Life in the Anthropocene at the Brooklyn Institute for Social Research starts starts Wednesday, March 8th at Verso Books (20 Jay St Brooklyn, NY 11201).
New medical technologies often challenge and remake frameworks for evaluating the ethics of biomedical procedures. This panel, organized by the Science, Technology, and Medicine section of the Society for Medical Anthropology, seeks to deepen the conversation about what happens when new medical tools come up against existing ethical sensibilities.
Disaster Capitalism at the Brooklyn Institute for Social Research starts Thursday, February 2nd at The Workmen’s Circle (247 West 37th St 5th Floor, New York, NY 10018).
Happy New Year! Feminist Futures at the Brooklyn Institute for Social Research starts January 30th at the New York Academy of Medicine (1216 Fifth Avenue New York, NY 10029)!
The reproduction of gender in food allergic households isn’t about false consciousness. But the priorities of social life at the household level doesn’t scale perfectly onto priorities for gender equality in American society.
How does raising food allergic children reproduce and intensify gendered divisions of labor in the home?
There are some of the things I am reading, listening to, following, and experiencing as we develop the PIP VR exhibition.
At this point in the development of a new collaborative project, PIP (Practically In Person), I am thinking about how three different ways of assembling people, spaces, time scales, and things are being dynamically constituted: how intersectional identities, artistic and scholarly conceptions of embodiment, and the capitalist political economic context of modern computing technologies are playfully negotiated to imagine and enact a new digital politics for VR.
I’m pleased to announce that my peer-reviewed scholarly article, titled “The Moral Life of Epinephrine in the United States,” has now been published on the open-access medical anthropology journal, Medicine Anthropology Theory!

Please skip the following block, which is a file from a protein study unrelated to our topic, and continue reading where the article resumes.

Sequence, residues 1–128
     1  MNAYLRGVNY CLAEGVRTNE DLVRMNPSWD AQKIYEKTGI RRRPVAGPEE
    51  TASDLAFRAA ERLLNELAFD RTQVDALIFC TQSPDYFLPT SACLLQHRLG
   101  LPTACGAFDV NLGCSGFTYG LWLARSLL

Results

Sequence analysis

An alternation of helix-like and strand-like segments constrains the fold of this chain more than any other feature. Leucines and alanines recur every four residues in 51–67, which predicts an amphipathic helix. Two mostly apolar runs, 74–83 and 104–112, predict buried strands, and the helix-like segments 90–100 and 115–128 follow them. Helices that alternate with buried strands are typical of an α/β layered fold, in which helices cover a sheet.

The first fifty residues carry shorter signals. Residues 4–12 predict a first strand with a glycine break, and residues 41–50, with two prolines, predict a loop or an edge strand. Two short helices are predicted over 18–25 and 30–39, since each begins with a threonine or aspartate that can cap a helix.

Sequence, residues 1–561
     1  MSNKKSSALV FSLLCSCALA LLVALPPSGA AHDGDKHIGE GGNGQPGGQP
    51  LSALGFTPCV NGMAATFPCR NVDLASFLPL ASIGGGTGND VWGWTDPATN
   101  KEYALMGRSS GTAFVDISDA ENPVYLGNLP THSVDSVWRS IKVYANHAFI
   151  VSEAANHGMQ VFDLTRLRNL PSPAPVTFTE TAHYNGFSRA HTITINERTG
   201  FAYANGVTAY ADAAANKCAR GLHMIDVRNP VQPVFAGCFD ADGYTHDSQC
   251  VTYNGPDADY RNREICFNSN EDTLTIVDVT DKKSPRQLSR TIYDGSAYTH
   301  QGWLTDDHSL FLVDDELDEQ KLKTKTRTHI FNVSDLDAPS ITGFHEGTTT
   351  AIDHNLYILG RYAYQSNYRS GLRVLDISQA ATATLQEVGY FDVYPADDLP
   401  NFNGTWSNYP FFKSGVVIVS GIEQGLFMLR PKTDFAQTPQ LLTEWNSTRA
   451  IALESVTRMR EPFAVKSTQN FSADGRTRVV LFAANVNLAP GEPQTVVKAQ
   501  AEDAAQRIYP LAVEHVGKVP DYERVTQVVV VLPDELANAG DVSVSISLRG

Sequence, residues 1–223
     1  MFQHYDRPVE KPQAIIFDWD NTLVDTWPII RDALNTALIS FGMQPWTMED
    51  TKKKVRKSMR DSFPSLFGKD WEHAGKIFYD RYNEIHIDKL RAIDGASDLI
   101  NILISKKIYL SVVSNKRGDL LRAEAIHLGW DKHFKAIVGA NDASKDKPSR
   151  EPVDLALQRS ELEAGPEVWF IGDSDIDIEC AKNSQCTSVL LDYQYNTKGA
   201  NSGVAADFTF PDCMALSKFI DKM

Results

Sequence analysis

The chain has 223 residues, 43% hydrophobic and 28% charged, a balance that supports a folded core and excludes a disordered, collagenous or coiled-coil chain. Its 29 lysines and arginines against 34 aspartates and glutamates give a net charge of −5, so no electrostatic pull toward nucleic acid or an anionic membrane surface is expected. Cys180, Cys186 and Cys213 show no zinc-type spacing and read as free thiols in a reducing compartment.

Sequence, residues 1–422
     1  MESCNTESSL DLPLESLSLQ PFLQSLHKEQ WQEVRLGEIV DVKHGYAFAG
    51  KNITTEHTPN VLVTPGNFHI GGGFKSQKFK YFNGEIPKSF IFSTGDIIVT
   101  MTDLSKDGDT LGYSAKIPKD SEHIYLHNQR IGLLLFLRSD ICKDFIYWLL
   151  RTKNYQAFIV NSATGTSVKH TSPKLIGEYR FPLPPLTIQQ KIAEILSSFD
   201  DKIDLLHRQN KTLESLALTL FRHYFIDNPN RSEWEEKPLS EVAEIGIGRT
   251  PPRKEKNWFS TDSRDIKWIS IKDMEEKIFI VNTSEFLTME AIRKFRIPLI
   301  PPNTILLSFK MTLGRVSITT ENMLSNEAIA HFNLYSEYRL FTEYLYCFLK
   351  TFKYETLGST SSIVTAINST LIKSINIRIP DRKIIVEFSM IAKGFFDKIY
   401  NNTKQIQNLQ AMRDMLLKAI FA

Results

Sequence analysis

I’m working on several projects right now, and one thing that ties my approach to all of them together is concern about the narrative frameworks we use to talk about science, technology, and progress. Three books I’ve read this fall are grounding my thoughts about the narrative challenges of storytelling in our technoscientific world.
Why do emergency medications cost so much? One answer lies in examining how financial industry stakeholders and influencers shape decision making of the people in charge of pharmaceutical sales and development.
I’m pleased to announce that I will be presenting on this panel at the American Anthropological Association’s 115th conference in Minneapolis on Friday, November 18th, 2016! My paper considers how financial industry logic shapes the aims and products of biomedical research. Click through for more info.
Developed as a tool for colonial empire-building at the close of the 19th century, the ethnographic method has emerged in the late 20th and early 21st centuries as an important practice for telling the stories of the oppressed and demanding social change. How did this transformation take place, and what does it mean for the future of how human societies study and understand themselves?